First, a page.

"Conservation movement"

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Concept.png "Conservation movement" 
(Ideology,  Population control)Rdf-entity.pngRdf-icon.png
Muir and Roosevelt 1912.png
John Muir, the founder of the Sierra Club and President Teddy Roosevelt in 1903.
Interest of• Jonathan Oppenheimer
• Laurence Rockefeller
Many billionaires are highly passionate about it.

See also environmentalism The conservation movement, also known as nature conservation, is a political, environmental, and social movement that seeks to manage and protect natural resources, including animals, plants and marine species, as well as their habitat, for the future.[1]

While most people supports protection of wildlife and sensitive nature areas, it is noticeable that many billionaires are highly passionate about the subject. The deep politics aspect includes plans for very extensive conservation areas - entire regions cleansed of people - and the methods they are willing to use to achieve that goal.


The early conservation movement evolved out of necessity to maintain natural resources such as fisheries, wildlife management, water, soil, as well as conservation and sustainable forestry. The contemporary conservation movement has broadened from the early movement's emphasis on use of sustainable yield of natural resources and preservation of wilderness areas to include preservation of biodiversity. Some say the conservation movement is part of the broader and more far-reaching environmental movement, while others argue that they differ both in ideology and practice.[2]


Rewilding activities are conservation efforts aimed at expanding wilderness areas. The US/Swiss billionaire Hansjörg Wyss, through his Wyss Foundation, aims to help conserve 30 per cent of the Earth in a natural state by 2030 and believes this is 'achievable' because he’s seen what can be accomplished.[3]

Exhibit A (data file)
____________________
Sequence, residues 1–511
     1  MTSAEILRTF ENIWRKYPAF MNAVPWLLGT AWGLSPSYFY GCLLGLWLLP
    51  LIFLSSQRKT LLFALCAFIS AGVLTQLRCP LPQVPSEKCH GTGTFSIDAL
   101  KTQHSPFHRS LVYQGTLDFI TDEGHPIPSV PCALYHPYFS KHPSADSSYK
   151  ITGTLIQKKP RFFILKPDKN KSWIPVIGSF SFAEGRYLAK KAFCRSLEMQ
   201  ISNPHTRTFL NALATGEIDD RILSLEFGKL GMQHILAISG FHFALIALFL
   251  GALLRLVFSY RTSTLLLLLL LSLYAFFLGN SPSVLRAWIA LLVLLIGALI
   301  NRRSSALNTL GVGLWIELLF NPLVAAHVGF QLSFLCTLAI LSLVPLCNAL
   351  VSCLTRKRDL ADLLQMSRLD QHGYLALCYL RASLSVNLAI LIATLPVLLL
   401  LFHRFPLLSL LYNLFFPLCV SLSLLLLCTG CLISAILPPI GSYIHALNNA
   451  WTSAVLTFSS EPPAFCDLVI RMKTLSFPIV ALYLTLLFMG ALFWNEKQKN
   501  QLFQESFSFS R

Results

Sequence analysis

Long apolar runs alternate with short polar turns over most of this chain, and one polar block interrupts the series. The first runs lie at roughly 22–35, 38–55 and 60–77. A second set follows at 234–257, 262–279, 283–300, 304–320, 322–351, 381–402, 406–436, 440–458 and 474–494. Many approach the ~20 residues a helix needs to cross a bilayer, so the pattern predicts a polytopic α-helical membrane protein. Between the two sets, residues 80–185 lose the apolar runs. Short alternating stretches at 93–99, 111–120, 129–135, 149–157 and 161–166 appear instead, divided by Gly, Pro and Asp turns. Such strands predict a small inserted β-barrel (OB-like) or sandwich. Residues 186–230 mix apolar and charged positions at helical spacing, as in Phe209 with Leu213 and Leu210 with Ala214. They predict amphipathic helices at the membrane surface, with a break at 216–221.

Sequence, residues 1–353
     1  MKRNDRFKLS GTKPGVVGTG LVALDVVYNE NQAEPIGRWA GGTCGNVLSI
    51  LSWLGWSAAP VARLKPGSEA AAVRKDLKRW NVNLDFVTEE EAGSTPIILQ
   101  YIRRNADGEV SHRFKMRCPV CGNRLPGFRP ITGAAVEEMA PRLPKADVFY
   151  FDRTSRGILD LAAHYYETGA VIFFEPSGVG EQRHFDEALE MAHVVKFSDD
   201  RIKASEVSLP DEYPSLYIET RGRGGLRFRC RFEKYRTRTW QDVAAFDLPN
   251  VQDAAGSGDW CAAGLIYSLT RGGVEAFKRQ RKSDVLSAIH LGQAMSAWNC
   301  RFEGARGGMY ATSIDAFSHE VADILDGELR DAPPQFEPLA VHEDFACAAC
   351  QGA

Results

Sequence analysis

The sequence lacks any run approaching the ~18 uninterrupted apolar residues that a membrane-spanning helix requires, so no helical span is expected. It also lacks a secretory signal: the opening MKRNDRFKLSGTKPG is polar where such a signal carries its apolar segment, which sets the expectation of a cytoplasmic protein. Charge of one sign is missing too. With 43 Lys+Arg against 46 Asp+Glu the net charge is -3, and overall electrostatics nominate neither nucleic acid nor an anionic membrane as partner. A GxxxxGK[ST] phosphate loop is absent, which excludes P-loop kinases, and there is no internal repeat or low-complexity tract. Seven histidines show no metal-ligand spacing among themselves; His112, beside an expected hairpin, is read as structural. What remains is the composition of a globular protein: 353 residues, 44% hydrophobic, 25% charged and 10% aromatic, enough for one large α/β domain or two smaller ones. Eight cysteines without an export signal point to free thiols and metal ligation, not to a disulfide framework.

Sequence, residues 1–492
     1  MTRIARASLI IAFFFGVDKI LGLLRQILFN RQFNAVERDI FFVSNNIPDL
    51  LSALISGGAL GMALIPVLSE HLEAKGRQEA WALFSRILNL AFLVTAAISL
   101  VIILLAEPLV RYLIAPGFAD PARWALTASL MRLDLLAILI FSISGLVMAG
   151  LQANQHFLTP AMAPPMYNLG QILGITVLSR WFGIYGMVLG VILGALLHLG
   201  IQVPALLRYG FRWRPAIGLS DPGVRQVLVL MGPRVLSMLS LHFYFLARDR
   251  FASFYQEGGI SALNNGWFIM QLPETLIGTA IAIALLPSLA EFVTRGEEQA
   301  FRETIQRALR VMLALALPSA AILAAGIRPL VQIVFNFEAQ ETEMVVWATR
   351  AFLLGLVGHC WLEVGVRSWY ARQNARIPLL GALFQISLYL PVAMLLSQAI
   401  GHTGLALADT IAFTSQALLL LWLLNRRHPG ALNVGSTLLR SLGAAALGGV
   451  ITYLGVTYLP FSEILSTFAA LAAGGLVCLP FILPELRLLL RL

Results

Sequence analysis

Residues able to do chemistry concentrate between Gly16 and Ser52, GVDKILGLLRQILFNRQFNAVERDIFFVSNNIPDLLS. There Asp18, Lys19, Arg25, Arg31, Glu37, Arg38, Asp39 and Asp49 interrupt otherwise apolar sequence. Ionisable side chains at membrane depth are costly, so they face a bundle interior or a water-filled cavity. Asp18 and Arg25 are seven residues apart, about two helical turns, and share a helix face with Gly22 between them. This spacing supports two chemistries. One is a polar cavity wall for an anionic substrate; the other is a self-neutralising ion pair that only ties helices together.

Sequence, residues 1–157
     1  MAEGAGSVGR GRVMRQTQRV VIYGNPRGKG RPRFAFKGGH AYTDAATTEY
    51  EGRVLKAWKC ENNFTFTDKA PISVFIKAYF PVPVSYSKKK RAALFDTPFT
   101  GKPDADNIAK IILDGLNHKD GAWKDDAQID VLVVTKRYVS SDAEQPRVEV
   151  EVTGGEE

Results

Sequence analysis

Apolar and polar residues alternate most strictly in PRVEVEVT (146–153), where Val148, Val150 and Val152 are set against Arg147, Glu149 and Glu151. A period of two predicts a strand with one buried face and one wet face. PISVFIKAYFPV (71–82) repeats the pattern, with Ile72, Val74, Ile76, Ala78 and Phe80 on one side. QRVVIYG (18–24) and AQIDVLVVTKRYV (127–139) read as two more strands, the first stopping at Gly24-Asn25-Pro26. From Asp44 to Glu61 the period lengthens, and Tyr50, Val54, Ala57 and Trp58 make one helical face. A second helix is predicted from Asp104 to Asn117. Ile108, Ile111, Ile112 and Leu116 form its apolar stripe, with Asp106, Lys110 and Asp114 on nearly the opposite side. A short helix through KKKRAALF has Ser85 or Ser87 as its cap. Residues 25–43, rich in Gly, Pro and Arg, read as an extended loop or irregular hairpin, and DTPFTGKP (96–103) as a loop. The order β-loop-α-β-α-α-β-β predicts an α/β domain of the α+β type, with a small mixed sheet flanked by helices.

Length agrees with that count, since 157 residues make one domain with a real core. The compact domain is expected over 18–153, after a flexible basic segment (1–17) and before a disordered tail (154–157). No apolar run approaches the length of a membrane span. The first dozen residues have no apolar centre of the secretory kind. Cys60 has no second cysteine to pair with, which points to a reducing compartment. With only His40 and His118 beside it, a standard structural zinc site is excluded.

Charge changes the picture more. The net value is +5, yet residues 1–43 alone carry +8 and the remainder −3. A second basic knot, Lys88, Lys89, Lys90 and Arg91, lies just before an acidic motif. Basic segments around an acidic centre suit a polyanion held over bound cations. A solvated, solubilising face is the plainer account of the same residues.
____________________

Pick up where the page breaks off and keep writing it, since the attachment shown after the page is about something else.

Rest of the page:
The organization Nature Needs Half lobbies for 50% of the earth to be conservation zones by 2030.[4]

30×30 treaty

In December 2022, at the United Nations biodiversity conference in Montreal (COP15), nearly 200 countries signed a last-minute deal to vastly increase the amount of territory within which human activity is restricted or prohibited. The agreement, under the guise of biodiversity[5], sets out a target of ensuring 30 percent of "areas of degraded terrestrial, inland water, and coastal and marine ecosystem" are under "effective restoration" by the end of the decade, with a goal to "enhance biodiversity and ecosystem functions."[6] This is up from around 15 percent of all land and 7 percent of oceans in 2022.[6] Campaign posters around the conference center promoting 30×30 were sponsored by the Wyss Foundation.[7][8]

Survival International, an international non-government organisation that works for human rights, said that the 30 by 30 goal will create militarised no-go areas and displace around 300 million indigenous people from their native lands and forests in the name of "conservation." They will be "restricted from accessing the resources, hunting and practicing agriculture. Such restrictions are not applicable to tourists and people with money. Sometimes extractive industries are also allowed in these areas once the local people are evicted."[9]

The US government is not part of the treaty, but the Biden administration set its own 30 percent goal by 2030[10].

Debt-for-nature swap

Debt-for-nature swaps are financial transactions in which a portion of a developing nation's foreign debt is forgiven in exchange for local investments in environmental conservation measures.[11] These transactions are part of the Davos agenda.[12]

Natural Asset Companies

In October 2023, the US Securities and Exchange Commission allowed the creation of Natural Asset Companies (NACs).[13][14] The following are natural commons are eligible for NACs: National Parks, National Wildlife Refuges, Wilderness Areas, Areas of Critical Environmental Concern, Conservation Areas on Private and Federal Lands, Endangered Species Critical Habitat, and the Conservation Reserve Program. Such companies will hold the ecosystem rights to the land, water, air, and natural processes of the properties enrolled in NACs. Each NAC will hold "management authority" over the land, allowing charging for carbon sequestration, biodiversity and clean water sources. If the population are issued carbon allowances, owners of said lands will be able to claim tax deductions and will be able to sell carbon allowances to businesses, families and townships.[15][16]



Page nameDescription
Club of RomeEnvironmentalism with more than a hint of misanthropy
Pennie Hedge
National parkThe remote locations of national parks, protected by special laws and armed forces, make them ideal for covert activities.
PantheraConservationist NGO accused of being a secret regime change operator against Iran.
Theodore Roosevelt
Sierra ClubFront group for the WWF, 1001 Club, Club of Rome and similar misanthropic Population reductionists
The 1001 ClubA nature trust started by a billionaire businessman and a co-founder of the Bilderberg Group, which raises funds for the Worldwide Fund for Nature (WWF).
World Wildlife Fund


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